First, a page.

As breathtaking as the skies were in New York, Ohio had her cloudscapes all dressed up and waiting in the wings. And out they danced, one after another.
I have an absolute thing for anvilhead cumulonimbus. I adore this shot, with Ohio's omnipresent and iconic orange barrels standing watch. Really, it's time to take them down. They're a summer thing. It's like the buzzards returning to Hinkley. Summer comes, and ODOT rolls out the orange barrels to squeeze our already narrow highway passages down to one lane and make us all slow down to 55. That, or get ticketed. Which we do, we do.
But it was to get even more surreal, when a car bombed my next shot of this incredible autumnal landscape.
The particular strength of the iPhone camera is its ability not to be so overwhelmed by bright sky that the land color and detail is lost. I remember so clearly my disappointment with my early Canon film camera, and later my Rebel, for its one-or-the-other approach to sky and land. A professional photographer explained it this way: Either you take your exposure on the sky, and capture that, with the land going completely dark, or you expose on the land and lose the sky, all its whites blown out. Later, I got a Canon GS-11, followed by a GS-12, and it was obvious that Canon had been working on that particular problem. I'm a little chagrined to say that the iPhone has rendered my blocky little Canon GS obsolete. I can actually do more with the iPhone. Somehow, the iPhone knows that I want to capture both land and sky in perfect exposure. Sure, I have to do a little fiddling sometimes in post processing, which I never had before digital cameras came along. I'll sometimes open up the shadows on the landscape in iPhoto, but I do precious little fiddling. The iPhone 4S camera captures it all. And I love it for that. That, and the fact that it's always with me. No moment, no vista, goes unrecorded. Yay.
I kept my eye on that anvilhead, rolled on a little farther, and BOOM there was the dilapidated barn and silo just waiting for me. All I had to do was compose the shot. Holy cow. Yes. Ohio is beautiful. You coast-huggin' people ought to give it a chance.
This experience only reinforces my contention that making a habit of photography makes us much more sensitive to beauty. It turns us into artists and composers. More importantly, it turns us into true appreciators. And the best part is you don't have to have "talent." How many times have I heard, "Oh I wish I could paint like you. You're so talented." Well, having started out as a kid able only to scribble, I believe that talent is more or less equivalent to hard work, and yes, we have to work and study to learn how to paint. We can't just wish it into being. On the other hand, anybody can paint like this, because we all have eyes, and almost everybody reading this has a cameraphone these days.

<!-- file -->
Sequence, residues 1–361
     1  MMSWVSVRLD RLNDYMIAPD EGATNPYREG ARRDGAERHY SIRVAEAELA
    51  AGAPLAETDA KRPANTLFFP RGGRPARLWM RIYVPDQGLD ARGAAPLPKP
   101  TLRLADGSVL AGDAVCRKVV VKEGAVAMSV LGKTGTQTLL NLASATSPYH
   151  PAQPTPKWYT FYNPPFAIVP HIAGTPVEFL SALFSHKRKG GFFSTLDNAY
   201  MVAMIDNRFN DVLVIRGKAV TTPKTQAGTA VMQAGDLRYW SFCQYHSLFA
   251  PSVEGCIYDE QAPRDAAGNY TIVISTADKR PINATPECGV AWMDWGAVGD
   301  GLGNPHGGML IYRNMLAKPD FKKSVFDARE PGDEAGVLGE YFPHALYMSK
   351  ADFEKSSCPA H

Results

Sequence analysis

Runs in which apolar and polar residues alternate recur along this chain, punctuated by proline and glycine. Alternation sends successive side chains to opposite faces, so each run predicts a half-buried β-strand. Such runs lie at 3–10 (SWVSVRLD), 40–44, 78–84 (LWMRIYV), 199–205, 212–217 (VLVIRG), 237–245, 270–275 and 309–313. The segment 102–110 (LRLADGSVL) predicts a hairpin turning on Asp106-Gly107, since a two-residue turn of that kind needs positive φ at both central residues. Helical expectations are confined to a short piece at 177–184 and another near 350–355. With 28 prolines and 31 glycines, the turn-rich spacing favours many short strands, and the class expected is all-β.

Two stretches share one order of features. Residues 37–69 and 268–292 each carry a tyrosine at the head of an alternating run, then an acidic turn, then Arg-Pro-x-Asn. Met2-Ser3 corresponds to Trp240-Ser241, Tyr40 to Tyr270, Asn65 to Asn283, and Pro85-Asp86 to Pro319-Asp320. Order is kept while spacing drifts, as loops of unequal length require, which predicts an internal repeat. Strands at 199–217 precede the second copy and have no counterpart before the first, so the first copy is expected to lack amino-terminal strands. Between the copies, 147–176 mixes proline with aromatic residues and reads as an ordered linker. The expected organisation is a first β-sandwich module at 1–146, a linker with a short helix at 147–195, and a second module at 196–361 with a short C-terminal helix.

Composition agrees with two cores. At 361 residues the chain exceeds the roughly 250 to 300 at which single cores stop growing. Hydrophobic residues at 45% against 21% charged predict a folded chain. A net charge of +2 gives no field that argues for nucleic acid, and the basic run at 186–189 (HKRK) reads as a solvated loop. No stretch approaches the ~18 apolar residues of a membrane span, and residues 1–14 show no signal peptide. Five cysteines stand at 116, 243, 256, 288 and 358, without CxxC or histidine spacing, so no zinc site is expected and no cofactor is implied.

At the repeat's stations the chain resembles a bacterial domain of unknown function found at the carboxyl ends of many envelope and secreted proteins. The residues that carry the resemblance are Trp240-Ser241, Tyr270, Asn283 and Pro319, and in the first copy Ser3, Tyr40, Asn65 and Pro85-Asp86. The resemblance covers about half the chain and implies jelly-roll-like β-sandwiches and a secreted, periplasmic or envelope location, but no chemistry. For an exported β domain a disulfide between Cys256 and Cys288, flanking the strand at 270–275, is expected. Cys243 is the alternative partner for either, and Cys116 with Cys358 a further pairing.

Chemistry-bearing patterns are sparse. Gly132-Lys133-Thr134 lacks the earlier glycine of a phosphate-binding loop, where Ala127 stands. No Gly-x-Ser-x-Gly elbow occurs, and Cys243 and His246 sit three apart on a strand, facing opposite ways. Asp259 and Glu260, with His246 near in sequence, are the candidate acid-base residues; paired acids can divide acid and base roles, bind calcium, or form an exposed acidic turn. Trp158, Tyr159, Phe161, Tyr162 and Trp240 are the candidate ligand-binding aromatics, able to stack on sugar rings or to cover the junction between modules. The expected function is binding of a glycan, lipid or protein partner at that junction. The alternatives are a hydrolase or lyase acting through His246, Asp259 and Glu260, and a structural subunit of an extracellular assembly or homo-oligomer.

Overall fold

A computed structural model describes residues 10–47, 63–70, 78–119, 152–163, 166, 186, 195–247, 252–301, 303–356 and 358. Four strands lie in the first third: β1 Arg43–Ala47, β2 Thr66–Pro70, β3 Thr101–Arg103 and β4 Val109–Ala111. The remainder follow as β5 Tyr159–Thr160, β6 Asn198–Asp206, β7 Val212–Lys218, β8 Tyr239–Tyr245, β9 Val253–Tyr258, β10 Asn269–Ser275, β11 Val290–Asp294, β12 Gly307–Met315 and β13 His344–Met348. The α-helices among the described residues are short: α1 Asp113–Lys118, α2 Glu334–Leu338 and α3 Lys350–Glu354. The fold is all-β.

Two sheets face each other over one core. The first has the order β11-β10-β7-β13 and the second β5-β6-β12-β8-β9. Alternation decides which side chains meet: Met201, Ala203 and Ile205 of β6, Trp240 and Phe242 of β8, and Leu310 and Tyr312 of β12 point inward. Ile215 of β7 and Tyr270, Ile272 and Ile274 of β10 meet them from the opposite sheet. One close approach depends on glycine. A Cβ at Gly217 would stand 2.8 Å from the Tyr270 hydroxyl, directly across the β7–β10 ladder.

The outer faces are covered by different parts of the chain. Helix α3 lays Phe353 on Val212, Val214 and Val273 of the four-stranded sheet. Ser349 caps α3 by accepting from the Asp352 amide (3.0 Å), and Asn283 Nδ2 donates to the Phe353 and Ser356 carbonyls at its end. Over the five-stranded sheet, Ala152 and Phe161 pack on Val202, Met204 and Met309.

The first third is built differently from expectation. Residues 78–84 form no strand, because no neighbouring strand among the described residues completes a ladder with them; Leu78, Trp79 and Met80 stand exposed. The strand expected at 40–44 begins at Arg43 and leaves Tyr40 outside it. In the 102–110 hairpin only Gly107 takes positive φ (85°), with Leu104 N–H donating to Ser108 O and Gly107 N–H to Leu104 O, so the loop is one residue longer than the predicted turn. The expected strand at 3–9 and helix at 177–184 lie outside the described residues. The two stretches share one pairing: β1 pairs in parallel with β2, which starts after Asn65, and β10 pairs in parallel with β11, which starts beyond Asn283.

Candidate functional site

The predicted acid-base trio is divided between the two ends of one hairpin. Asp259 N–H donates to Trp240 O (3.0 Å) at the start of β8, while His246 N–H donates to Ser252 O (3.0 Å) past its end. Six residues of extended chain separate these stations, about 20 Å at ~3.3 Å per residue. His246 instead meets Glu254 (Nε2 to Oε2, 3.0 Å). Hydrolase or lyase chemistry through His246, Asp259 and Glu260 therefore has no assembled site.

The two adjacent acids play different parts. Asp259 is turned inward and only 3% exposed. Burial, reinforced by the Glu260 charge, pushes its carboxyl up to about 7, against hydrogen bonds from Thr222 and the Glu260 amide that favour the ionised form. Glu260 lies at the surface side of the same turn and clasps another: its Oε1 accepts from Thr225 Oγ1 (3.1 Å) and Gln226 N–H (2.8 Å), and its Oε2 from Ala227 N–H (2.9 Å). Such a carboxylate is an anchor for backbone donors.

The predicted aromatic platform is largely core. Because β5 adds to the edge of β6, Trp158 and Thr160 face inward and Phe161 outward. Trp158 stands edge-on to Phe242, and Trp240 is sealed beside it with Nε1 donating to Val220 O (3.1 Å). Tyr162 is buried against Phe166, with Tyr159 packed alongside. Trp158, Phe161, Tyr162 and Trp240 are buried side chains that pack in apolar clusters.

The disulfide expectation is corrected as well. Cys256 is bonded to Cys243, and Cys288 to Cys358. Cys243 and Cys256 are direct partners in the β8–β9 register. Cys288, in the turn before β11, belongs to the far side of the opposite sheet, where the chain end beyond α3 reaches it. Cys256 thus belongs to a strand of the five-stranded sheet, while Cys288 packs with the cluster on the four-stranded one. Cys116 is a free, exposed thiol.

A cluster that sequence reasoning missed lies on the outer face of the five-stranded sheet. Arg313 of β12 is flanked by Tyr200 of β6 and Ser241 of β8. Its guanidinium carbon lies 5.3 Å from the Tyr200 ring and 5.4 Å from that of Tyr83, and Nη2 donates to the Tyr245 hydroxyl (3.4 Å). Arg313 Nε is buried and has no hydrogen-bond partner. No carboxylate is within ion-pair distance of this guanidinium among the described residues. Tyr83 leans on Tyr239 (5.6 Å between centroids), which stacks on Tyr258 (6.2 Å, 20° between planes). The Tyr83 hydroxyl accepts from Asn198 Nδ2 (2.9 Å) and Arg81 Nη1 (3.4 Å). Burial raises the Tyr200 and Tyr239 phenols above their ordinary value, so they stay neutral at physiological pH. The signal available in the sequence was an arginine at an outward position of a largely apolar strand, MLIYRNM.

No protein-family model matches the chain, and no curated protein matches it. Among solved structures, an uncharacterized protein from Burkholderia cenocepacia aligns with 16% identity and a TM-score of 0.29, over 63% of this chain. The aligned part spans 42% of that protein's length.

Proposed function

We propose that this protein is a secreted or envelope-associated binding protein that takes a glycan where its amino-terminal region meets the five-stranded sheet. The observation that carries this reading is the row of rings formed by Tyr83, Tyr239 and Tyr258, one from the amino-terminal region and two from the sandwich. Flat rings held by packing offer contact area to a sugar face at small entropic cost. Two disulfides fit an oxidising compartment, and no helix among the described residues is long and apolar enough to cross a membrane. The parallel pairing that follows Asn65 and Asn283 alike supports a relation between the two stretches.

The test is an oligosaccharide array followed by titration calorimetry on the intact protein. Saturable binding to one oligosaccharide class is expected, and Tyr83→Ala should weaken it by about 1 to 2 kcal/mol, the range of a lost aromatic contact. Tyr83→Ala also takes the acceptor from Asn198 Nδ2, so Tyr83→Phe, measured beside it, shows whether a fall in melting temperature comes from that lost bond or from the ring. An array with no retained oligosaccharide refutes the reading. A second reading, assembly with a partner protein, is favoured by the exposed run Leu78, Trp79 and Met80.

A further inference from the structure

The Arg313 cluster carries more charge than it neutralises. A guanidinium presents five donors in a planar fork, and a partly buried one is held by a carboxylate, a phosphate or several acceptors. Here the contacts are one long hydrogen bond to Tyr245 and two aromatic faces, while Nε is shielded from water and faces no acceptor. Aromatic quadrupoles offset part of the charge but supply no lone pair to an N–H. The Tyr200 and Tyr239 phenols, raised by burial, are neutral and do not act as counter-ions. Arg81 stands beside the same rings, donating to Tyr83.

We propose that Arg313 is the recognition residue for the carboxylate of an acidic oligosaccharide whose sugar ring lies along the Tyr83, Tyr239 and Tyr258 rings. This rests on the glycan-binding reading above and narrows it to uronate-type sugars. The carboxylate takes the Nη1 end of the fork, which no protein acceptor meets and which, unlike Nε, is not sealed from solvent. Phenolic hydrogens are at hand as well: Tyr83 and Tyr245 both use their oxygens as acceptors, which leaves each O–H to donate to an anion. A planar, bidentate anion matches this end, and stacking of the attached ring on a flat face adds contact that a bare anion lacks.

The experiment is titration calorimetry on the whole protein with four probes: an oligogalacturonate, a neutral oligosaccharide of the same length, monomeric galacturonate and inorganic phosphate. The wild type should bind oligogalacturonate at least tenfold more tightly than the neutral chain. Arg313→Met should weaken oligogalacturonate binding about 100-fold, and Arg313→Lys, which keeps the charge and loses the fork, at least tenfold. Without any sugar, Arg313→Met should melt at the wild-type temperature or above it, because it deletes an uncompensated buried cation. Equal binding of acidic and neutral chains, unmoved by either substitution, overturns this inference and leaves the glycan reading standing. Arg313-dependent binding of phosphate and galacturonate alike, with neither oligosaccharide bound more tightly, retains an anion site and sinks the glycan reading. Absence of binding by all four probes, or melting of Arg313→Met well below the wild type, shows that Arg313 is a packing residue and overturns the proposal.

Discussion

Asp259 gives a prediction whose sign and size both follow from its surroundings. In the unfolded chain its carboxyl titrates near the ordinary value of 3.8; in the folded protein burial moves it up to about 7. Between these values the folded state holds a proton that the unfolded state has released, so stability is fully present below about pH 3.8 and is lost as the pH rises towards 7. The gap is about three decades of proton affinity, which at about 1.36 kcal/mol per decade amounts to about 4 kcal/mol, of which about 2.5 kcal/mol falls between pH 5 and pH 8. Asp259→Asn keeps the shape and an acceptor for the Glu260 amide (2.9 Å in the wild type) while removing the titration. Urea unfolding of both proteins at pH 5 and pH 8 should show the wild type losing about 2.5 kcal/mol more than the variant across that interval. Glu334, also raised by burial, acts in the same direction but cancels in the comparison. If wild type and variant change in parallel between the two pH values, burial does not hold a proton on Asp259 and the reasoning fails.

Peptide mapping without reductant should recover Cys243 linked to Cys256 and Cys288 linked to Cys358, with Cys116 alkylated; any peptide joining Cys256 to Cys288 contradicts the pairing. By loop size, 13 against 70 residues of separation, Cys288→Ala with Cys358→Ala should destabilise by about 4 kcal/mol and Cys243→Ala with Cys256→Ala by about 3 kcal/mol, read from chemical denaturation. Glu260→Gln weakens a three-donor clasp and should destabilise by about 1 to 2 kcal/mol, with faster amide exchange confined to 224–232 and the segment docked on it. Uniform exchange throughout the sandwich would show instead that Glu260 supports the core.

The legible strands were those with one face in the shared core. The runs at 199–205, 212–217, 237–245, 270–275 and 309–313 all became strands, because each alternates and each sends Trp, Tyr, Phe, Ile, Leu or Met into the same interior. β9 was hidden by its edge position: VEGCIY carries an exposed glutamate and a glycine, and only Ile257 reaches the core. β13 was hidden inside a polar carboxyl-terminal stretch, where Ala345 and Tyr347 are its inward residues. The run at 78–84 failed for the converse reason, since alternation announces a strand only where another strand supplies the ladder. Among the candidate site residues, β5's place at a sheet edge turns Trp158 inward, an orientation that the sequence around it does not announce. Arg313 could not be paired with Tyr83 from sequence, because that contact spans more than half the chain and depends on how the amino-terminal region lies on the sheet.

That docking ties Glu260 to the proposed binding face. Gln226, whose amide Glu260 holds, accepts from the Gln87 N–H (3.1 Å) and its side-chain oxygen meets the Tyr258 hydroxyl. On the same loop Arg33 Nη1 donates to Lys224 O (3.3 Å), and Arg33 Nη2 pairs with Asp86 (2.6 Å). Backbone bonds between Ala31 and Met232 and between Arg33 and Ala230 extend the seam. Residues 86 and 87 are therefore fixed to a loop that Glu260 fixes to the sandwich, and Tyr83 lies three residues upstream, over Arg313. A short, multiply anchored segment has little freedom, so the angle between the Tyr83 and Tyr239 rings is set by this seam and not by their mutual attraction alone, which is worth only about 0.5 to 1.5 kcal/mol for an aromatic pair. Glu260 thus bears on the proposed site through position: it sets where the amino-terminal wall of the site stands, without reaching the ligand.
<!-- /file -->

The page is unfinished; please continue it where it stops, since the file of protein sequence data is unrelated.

There were some very special things happening with sunbeams, brilliant green hills, and dark clouds. I started shooting through the windshield as I often do when seeing something amazing.
And boom! there was a green hill, and a beam spotlighting it, pointing to I don't know what. I always love the dark clouds that cross white ones, the violet-purple ones marching along the horizon. It all makes me want to get out of the darn car and walk those hills. It also makes me want to paint them. I have a fantasy where I chuck it all and just start painting watercolor landscapes, using these ephemeral photos as inspiration. It's nice to have a pipe dream. It's cuddled up against the one about having a specialty mail-order greenhouse growing odd little plants that I love. I think the growing would be a lot more fun than the order fulfilling. Maybe I could grow them for someone else who had an established business.
It's all so ephemeral, so quickly gone. I have to roll around in it while it's here, this light, these leaves.
I'm thankful for sugar maples and cerulean skies, for slanted evening sun, for whatever basket of beauty the day brings.
By the time we reached The Three Graces, the light was gone, gone like the moa is gone. Color drained out of the landscape. The Graces all decided to go with understated Homecoming gowns this year. They didn't want to upstage each other. Red Maple (left) took it easy, as did Sugar Maple (center). And even gaudy Tupelo (right) decided against flaming red, her usual choice.